I didn't feel comfortable in my midsize body until I found other women like me

I remember the first time I went shopping for a bikini: for my friend’s 13th birthday party. 

Excited, I went to my local Asda and picked up as many gorgeous separates as I could in my size, before going into the changing room. But I was soon confused as to why, despite the pieces being labelled the size I was, both the top and bottom were too small for me.

Eventually, I had to figure out a combination of tops from sizes 18-24 to fit my bust, with size 14 bikini underwear – an experiment that left me feeling terrible because A) I completely messed up a display that a retail assistant definitely took their time to make neat, and B) I felt like there was something wrong with my body. 

Why on earth did nothing fit me, or make me feel confident? And how come so many of my friends could simply pick things off the hanger without this stress?

Nearly 10 years later, I haven’t worn a bikini since and I still have that anxiety of going into the changing rooms with four different sizes not knowing which will fit, or whether I’ll have to tell the shop assistant ‘no good’, wanting to burst into tears of frustration because of yet another failed shopping trip.

For a long time, I’ve felt as if my body has never played by the rules of where it ‘should’ fit.

I’ve always been the person who stares at myself just that bit longer in the mirror, pinching the love handles, sucking in the gut. As a young teenager, I pored over Trinny and Susannah’s Body Shape Bible trying to find out which was mine – and still, I had no luck.

My shape’s been described as busty, top-heavy, V-shaped or inverted triangle – it sounds complicated and it is.

Having a body shape with proportions like mine is tricky; some things fit, other times I’ll try a size but it’s too small, but anything bigger is too big.

For the most part, we know what petite and plus-size looks like – but not those who fall in between those two categories. This is where I sit.

Body shape ideals move in trends, and when I was growing up it was being a size six with a thigh gap. Now it’s the hourglass figure (I have neither of those figures and never will).

I have never felt slim nor fuller-figured, just in a ‘fuller busted’ camp of my own – and it’s been confusing.

For a long time, I wondered: ‘Does anyone else have this body shape?’

I’d never seen a celebrity or anyone with a physique like mine. My mum would tell me I had my grandma’s shape, but I don’t identify with that either.

Then during the recent lockdowns, I was scrolling around on Instagram and TikTok and discovered a category that I felt at home in: midsize.

Often described as anything between a size 14 and 18, I started seeing women talk about how to dress for their shapes and fuller bust bodies. Outfits that, prior to seeing these videos, I thought I had no chance of wearing – things like strapless dresses, girlfriend jeans and midi dresses.

I finally knew where I fit after years of feeling at odds with my body.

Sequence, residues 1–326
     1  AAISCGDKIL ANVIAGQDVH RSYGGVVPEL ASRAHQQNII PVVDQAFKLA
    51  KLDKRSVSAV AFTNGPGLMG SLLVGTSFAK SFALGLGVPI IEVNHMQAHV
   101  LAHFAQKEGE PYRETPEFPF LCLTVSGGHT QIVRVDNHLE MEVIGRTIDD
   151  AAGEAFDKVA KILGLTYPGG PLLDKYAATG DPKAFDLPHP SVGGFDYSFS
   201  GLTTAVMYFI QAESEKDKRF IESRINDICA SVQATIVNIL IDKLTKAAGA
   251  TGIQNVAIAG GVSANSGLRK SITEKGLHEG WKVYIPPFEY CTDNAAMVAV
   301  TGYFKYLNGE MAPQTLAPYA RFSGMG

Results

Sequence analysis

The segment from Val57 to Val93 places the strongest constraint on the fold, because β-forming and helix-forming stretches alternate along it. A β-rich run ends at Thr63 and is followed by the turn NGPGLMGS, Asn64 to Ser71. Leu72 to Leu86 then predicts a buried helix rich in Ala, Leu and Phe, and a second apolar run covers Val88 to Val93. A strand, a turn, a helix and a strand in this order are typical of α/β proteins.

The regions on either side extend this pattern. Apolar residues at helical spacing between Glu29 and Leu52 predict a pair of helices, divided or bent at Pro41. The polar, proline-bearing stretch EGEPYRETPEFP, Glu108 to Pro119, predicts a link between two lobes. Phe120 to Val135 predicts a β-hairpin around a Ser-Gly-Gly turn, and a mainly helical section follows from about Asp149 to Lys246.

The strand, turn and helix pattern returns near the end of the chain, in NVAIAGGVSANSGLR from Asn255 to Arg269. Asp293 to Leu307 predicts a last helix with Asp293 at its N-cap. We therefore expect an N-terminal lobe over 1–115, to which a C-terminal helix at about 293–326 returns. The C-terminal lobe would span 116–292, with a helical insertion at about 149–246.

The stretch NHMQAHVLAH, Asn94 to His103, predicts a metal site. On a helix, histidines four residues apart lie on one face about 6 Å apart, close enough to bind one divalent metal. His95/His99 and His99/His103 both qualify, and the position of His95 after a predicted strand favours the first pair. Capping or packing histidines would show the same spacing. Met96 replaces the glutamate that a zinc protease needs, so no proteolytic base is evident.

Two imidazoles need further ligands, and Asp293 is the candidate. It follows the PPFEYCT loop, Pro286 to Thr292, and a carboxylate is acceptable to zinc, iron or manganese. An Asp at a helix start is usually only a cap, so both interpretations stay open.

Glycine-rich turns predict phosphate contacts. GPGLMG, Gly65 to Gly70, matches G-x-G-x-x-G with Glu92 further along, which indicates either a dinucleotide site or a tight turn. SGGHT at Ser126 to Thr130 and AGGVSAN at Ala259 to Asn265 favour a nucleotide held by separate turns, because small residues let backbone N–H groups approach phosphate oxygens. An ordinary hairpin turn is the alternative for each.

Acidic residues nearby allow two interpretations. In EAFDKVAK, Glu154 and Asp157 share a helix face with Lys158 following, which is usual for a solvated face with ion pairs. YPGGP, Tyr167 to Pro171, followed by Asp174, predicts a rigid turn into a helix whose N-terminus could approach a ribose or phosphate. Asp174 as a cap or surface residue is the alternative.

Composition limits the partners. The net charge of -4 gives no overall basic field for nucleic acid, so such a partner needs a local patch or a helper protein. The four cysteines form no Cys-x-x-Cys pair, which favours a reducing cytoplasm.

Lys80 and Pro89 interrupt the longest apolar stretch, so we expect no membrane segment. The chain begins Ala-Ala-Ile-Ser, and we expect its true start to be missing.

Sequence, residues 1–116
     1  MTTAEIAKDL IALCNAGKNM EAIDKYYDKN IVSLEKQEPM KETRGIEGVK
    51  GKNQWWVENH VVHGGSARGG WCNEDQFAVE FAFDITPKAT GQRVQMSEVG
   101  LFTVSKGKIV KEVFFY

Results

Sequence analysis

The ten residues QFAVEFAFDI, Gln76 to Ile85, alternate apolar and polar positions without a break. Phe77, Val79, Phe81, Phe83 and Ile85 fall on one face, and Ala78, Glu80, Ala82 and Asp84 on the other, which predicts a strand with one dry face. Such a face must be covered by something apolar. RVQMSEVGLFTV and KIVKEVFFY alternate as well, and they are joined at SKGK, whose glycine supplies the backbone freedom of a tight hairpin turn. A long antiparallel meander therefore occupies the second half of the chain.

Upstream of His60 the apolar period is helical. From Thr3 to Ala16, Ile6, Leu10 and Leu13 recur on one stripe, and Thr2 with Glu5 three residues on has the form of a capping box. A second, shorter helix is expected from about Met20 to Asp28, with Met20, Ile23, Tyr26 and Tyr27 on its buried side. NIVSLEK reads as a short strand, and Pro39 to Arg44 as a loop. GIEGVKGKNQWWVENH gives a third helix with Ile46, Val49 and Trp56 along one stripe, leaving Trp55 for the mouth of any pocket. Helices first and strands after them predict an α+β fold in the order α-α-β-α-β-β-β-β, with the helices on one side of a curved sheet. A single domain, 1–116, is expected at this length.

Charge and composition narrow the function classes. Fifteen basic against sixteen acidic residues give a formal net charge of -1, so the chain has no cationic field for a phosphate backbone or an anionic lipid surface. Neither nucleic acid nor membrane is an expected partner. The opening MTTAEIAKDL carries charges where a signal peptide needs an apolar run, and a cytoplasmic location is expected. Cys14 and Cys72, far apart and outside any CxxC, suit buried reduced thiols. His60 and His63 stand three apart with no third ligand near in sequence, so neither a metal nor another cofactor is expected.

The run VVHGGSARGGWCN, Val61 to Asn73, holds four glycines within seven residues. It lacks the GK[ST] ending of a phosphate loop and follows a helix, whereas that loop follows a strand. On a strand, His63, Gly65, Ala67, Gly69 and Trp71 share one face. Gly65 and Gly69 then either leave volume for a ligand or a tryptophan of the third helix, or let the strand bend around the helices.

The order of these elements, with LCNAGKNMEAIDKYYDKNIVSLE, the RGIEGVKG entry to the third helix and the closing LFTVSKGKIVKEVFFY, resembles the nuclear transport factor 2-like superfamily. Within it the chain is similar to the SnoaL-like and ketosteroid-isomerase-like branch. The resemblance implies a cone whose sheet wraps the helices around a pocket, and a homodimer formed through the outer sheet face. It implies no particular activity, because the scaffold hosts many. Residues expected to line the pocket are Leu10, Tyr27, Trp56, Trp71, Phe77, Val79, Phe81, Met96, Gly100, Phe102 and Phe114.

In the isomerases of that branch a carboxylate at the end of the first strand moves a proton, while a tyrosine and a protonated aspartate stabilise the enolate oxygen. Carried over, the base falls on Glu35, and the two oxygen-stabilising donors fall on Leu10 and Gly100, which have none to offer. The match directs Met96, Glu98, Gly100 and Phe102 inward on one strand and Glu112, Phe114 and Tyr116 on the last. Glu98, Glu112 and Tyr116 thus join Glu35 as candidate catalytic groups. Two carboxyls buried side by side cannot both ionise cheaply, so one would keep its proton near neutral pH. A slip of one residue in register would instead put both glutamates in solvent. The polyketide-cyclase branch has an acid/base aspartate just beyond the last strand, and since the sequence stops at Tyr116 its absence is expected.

I was always taller than my friends, wearing age 13-14 trousers at Woolworths when I was much younger. At 14, I was a size 12 with a 30FF bust, while most girls my age were only just getting rid of their training bras.

Cara Delevingne’s thigh gap had its own Twitter page, and I was filled with envy because the only thing my thighs were doing was rubbing, and having me apply talcum powder on them in the summer because of the sweat – the glamour of it all.

Following these people who look like me has been life-changing. Discovering how many people with ‘in-between’ bodies have felt the same way, I’ve felt more seen than ever.

I am ecstatic we have the midsize movement. The term was coined by Anushka Moore who launched the MidSize Collective Instagram page in July 2018 out of frustration that she could only find a handful of influencers that were a size 14, like her.

And it’s growing, with #midsize on TikTok having more than 220 million posts, showing anything from swimsuit videos to recommended clothing brands to shop from as a midsize person. 

It’s encouraged me to be more daring with my outfit choices too; I always strayed away from colour as I didn’t want to draw attention to myself, but now I feel like I can be adventurous in the way I physically present to the world, and I don’t care.

I no longer feel like I need to be smaller around my stomach area so I feel more proportionate, or worry about trying to fit into smaller jeans. It made me realise how long I’ve spent being concerned about my body and how it looks when what I should be focusing on is the fact it keeps me alive.

The energy and passion I have for the midsize movement reminds me of when I also discovered fuller busted women on Instagram a few years back. Finding women who had identical experiences to me made me feel as if I wasn’t on my own; it was empowering.

The lack of representation of different body types has been an issue for a long time, and we have a long way to go. 

I will still try my luck and pick out an outfit online or on the high street and pray it will fit me like it fits the model. I may get frustrated but what I know now is that my body isn’t wrong, and never has been.

I recognise the privilege I have – I can still walk into most high street stores and know I could find something to fit me in some capacity, whether I like it or not.

I look forward to the day we have more representation so every person who has a body sees themselves reflected. 

I spent so long worrying about my body, but I appreciate it more now, and focus on what it does rather than what it looks like, all while wearing some fabulous midsize jeans and cute heels – cheers to that!

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